From the earlier account of the association of variation in the expression of genes with germination and dormancy, a hypothetical model of these genes was developed. The model is based around the two hormones, ABA and GA. Levels of, and sensitivity to, these hormones may be influenced by the genotype and the environment. ABA is associated with maturation and dormancy, which in turn is associated with LEAs and other genes not directly controlling dormancy but have a role in, e.g. deposition of storage reserves or protecting the seed. Balancing ABA and GA are the proposed key genes involved in the switch between dormancy and germination of A. fatua seeds. In the centre is Vp1, which is a seed-specific gene linked with dormancy in A. fatua (Jones et al., 1997, 2000). Vp1 is induced by ABA and represses GA induced expression of germination genes such as AMY (Hoecker et al., 1995). Vp1 was also found to activate ABI5 and together they bind ABA-responsive elements (ABREs) in promotion of ABA induced genes (Suzuki et al., 2003). Vp1 interacts with the bZIP TRAB1 from rice (Hobo et al., 1999); so Vp1 protein may also interact with the bZIP TaABF (Johnson et al., 2002). TaABF is similar to ABI5 of which there are many types from the same gene family, apparently with an overlapping function and perhaps individually important in different tissues. The homologue Avena fatua ABF (AfABF) appears to be the best candidate for a seed-specific bZIP gene involved in A. fatua dormancy. TaABF is ABA induced and is a physiological substrate for PKABA1 (i.e. PKABA1 phos-phorylates TaABF) (Johnson et al., 2002). PKABA1 is ABA induced (Anderberg and Walker-Simmons, 1992) and overexpression represses GA-mediated expression of AMY (Gómez-Cadenas et al., 1999). ABI4 is hypothesized to balance ABA sensitivity via interaction with ABI5, ABI4 and ABI3 loci (Soderman et al., 2000). ABI1 and ABI2 mRNA and enzyme activity increase in response to ABA (Leung et al., 1997; Merlot et al., 2001). These genes are negative regulators of ABA signalling and it is speculated that ABI1/ABI2 act as phosphatases in a negative feedback regulatory loop, allowing the cell to monitor ABA levels (Merlot et al., 2001). Suzuki et al. (2003) presented a model of the feed forward regulation of ABA signalling mediated by Vp1. This shows that ABA induces Vp1 and ABI1/2, while Vp1 inhibits ABA induction of ABI1/ABI2. PP2Cs also phosphorylate and inactivate SNF1 protein kinases, SnRK1 (Sugden et al., 1999), which may be a link between the SnRK1 complex and ABI genes.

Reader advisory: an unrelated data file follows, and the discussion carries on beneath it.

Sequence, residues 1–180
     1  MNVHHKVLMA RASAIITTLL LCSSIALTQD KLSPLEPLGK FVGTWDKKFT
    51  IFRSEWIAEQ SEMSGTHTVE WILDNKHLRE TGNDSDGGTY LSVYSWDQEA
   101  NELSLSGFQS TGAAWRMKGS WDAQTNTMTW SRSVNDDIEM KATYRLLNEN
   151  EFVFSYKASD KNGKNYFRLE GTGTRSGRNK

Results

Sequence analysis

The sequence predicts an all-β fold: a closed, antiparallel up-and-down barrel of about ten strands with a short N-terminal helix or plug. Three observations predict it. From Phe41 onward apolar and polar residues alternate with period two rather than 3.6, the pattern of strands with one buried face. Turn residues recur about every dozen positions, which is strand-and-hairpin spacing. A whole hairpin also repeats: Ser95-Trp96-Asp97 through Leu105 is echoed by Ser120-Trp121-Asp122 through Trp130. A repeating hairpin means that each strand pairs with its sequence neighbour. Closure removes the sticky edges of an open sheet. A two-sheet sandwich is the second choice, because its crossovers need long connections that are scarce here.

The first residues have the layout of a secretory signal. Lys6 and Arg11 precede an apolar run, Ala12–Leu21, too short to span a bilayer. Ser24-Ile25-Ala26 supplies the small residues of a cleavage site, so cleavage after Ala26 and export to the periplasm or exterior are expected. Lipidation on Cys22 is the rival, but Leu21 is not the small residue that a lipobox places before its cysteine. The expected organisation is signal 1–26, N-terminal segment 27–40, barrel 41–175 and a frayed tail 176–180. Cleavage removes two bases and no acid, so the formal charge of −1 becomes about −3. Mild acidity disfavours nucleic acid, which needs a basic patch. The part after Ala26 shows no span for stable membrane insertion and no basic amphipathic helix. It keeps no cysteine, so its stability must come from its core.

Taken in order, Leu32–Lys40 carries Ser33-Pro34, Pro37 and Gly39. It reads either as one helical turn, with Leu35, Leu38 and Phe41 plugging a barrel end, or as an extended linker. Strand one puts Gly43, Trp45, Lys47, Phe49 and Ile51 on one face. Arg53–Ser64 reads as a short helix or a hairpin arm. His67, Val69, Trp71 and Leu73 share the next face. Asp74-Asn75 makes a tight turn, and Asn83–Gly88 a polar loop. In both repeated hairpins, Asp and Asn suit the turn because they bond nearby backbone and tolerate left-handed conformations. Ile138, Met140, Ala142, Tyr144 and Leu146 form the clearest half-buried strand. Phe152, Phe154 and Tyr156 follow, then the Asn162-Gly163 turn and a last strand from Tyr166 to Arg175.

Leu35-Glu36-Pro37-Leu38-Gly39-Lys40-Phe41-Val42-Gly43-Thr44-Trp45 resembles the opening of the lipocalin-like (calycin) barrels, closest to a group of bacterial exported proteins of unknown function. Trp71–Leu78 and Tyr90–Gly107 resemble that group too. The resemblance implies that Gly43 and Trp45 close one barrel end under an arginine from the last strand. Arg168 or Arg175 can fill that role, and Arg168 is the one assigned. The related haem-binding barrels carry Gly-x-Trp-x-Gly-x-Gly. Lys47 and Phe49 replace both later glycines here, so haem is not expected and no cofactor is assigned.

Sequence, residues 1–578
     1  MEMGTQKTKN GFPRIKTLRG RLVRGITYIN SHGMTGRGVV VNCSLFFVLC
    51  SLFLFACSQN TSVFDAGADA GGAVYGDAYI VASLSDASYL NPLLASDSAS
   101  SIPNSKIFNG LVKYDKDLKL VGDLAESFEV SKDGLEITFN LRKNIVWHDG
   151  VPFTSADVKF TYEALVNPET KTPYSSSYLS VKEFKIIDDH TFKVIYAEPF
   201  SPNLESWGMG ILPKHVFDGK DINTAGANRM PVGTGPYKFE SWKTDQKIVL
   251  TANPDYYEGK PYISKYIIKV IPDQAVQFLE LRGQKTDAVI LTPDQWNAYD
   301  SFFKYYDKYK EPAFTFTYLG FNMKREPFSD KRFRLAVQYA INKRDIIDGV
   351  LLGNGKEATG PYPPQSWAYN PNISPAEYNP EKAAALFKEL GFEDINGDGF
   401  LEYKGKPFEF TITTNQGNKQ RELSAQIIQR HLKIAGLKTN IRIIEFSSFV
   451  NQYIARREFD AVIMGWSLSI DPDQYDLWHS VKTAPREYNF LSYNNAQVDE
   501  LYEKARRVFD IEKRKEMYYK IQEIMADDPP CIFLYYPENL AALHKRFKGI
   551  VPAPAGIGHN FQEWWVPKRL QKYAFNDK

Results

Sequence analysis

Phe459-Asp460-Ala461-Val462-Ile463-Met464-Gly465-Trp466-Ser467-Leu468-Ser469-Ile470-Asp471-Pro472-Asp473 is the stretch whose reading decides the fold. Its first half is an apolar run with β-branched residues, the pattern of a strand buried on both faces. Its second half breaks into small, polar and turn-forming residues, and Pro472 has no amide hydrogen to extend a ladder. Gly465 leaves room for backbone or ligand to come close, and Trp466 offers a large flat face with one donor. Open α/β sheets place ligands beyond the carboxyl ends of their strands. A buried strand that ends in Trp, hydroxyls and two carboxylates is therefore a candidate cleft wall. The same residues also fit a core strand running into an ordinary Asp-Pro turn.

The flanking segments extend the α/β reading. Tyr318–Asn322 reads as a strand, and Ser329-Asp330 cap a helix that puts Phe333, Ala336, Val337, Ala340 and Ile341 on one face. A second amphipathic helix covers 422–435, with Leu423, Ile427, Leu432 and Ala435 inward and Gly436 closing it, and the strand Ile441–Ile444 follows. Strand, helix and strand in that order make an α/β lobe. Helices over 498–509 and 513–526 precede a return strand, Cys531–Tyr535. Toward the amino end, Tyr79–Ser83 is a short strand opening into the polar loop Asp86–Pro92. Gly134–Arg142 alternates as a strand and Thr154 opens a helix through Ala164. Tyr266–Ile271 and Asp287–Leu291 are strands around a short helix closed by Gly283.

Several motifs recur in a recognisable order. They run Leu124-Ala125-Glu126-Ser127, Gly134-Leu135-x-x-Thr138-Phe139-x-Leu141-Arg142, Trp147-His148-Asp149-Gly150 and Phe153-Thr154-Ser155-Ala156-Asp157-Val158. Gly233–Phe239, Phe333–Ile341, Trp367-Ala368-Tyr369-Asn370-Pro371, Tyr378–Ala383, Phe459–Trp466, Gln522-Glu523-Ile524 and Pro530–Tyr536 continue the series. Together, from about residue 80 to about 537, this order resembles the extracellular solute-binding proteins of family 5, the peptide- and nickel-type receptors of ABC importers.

High levels of Lycopersicon esculentum SNF4 (LeSNF4) are associated with tomato seed dormancy and ABA, while a decrease in expression was observed during non-dormant seed germination or imbibition in GA (Bradford et al., 2003). It is hypoth esized that during maturation LeSNF4 (^-subunit of the SnRKl complex) binds to LeSNFl/SnRKl promoting accumulation of storage reserves. LeSNFl transcripts were present in mature, dry and imbibed seeds, but ABA, GA, dormancy or germination status did not affect abundance. SnRKl (with >80% amino acid identity to LeSNFl) is also present in wheat and was able to inhibit the AMY promoter in developing seeds (Laurie et al., 2003).
Germination genes in the model include GA20-oxidase. ABA suppresses transcription of this gene in sorghum and beech (Pérez-Flores et al., 2003; Calvo et al., 2004). Expression was also low in GA3 treated seeds (Calvo et al., 2004). Rht orthologues such as the DELLA protein SLNl from barley (Chandler et al., 2002) and RGL2 from Arabidopsis (Dill and Sun, 200l) may also be important in seeds. RGL2 is enhanced by other DELLAs (Lee et al., 2002) and protein degradation is induced by GA via Spindly-l (SLYl) (Tyler et al., 2004). ABA has no effect on GA enhanced SLNl degradation (Gubler et al., 2002). Also important in the GA response pathway is GA-regulated myeloblastosis (GAMYB), which is upregulated by GA (Gubler et al., l995) and binds to AMY and other promoters of genes encoding hydrolytic enzymes (Gubler et al., l999). SLNl is thought to repress GAMYB via PKABA1 (Zentella et al., 2002). The comatose (CTS) locus also regulates germination potential by enhancing after-ripening, and increasing sensitivity to GA and pre-chilling (Russell et al., 2000). CTS, an ATP binding cassette (ABC) transporter, does not increase in imbibed dormant seeds, but increases in non-dormant seeds and regulates transport of acyl-coenzyme As (acylCoAs) into the peroxisome (Footitt et al., 2002).
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